Posts
    96
    Hello,
    thank you all for your contribution.
    After reading replies and info sent I have found out that graphics are automatically copyrighted with or without a copyright sign on the site and therefore I can "claim" my rights.
    Style sheet and page layout are harder to see as copyrighted, however in this case because they were simply copied out and left with the same attributes such as CSS classes and so on (and in the order I had them) it is straight forward to prove that it is a simple copy.

    Having all graphics and files on my computer with creation and last modification dates (as well as on the server) I have passed on all information to my solicitor which will request shortly for the site to be taken down immediately or face court action.


    Will let you know the outcome.

    Thanks to all,
    regards,

  6. #6
    Join Date
    Apr 2002
    Location
    Toronto, Canada
    Posts
    20,002
    go, olivier!!

    let us know how it turns out
    rudy.ca | @rudydotca
    Buy my SitePoint book: Simply SQL

  7. #7
    Join Date
    Feb 2004
    Location
    In front of the computer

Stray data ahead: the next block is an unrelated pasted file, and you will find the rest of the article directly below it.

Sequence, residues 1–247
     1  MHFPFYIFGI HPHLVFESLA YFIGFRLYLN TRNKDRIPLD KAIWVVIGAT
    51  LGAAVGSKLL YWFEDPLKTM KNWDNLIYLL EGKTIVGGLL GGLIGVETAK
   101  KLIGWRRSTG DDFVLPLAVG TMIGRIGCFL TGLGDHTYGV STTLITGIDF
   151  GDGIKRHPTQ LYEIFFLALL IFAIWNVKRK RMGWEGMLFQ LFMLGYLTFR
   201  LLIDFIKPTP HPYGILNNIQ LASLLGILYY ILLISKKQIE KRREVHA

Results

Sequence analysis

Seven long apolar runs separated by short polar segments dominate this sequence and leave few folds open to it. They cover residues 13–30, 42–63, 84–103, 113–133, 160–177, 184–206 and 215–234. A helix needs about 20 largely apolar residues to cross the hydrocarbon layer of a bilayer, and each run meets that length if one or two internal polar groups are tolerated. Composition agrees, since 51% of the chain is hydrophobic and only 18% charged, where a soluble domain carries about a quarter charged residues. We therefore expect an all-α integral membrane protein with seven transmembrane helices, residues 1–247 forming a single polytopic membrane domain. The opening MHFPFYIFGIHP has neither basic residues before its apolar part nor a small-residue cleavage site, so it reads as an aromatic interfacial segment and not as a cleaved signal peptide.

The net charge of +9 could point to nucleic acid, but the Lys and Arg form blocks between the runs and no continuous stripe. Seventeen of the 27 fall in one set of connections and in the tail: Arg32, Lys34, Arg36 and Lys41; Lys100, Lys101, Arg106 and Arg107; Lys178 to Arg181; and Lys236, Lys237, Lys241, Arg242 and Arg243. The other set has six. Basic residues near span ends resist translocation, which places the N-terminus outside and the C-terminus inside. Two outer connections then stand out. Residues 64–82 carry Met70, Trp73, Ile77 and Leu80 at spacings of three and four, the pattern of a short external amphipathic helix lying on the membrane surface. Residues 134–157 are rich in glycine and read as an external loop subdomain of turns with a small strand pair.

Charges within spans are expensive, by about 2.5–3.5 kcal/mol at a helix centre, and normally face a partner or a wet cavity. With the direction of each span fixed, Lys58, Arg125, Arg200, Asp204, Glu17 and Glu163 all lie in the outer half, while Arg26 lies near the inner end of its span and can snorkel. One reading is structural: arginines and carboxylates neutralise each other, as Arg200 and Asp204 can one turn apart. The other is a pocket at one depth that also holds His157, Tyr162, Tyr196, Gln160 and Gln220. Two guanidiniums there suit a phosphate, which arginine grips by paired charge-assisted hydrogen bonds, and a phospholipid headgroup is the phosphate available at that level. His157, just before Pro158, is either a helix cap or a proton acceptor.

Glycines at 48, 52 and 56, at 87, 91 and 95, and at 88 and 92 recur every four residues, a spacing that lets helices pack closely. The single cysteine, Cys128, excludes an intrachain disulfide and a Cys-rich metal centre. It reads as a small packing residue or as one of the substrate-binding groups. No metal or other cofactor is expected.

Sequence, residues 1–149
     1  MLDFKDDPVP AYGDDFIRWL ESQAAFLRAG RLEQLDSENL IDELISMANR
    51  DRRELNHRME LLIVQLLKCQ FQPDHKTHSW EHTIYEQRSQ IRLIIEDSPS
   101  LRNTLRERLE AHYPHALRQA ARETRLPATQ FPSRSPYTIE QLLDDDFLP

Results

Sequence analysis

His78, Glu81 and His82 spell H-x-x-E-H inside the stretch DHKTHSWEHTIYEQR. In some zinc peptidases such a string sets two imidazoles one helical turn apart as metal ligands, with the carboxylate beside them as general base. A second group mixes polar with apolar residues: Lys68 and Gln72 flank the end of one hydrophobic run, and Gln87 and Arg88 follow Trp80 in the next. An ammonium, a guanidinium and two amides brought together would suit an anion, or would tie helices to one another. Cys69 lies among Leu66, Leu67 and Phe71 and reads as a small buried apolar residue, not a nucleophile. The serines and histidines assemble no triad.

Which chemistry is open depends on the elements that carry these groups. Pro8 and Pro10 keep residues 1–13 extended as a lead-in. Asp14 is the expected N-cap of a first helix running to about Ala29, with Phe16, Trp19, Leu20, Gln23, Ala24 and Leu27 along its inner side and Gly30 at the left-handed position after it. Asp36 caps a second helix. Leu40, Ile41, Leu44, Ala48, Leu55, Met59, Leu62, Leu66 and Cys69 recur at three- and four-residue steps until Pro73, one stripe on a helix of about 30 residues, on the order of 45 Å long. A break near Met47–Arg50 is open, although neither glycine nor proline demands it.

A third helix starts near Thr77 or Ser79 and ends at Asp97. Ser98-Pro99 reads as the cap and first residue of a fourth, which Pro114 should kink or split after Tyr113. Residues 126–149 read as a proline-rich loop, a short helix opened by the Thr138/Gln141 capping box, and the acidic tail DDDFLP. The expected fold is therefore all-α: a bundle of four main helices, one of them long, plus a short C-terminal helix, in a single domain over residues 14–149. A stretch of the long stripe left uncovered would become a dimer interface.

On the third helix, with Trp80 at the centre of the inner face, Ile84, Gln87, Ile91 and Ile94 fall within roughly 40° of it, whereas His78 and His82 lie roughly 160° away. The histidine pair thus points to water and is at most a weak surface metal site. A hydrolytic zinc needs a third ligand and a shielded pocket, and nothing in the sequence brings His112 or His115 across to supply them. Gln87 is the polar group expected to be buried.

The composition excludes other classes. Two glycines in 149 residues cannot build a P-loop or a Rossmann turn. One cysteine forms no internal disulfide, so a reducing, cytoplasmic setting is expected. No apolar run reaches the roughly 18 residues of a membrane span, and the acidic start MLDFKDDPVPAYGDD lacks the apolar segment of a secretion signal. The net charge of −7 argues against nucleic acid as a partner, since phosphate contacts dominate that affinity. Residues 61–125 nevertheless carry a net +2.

Posts
    15,579
    I always enjoy solicitors... Quick fried, with lots of salt and a bit of garlic butter.

    I wish you luck though. It always hacks me off when someone steals intelectual property (even though I've got some great stories on that front too)!

    -PatP

  8. #8
    Join Date
    Mar 2003
    Location
    The Bottom of The Barrel
    Posts
    6,102
    Are you physically close to this place? You mentioned that they're 10 miles away from the original location?

    Show up on their doorstep.

    Writing an email is easy to brush off until you actually take legal action. It's much more difficult to ignore the person on the doorstep asking why they infringed on IP. For added fun, get the patrons involved in the discussion, see what they think.
    oh yeah... documentation... I have heard of that.

    *** What Do You Want In The MS Access Forum? ***

  9. #9
    Join Date
    Nov 2003
    Location
    Sussex, England
    Posts
    404
    I think using the solicitor is the correct approach, any physical contact could be used to muddy the waters. If these people are as dishonest as appears they could easily say they had spoken to the copyright holder and had reached an agreement.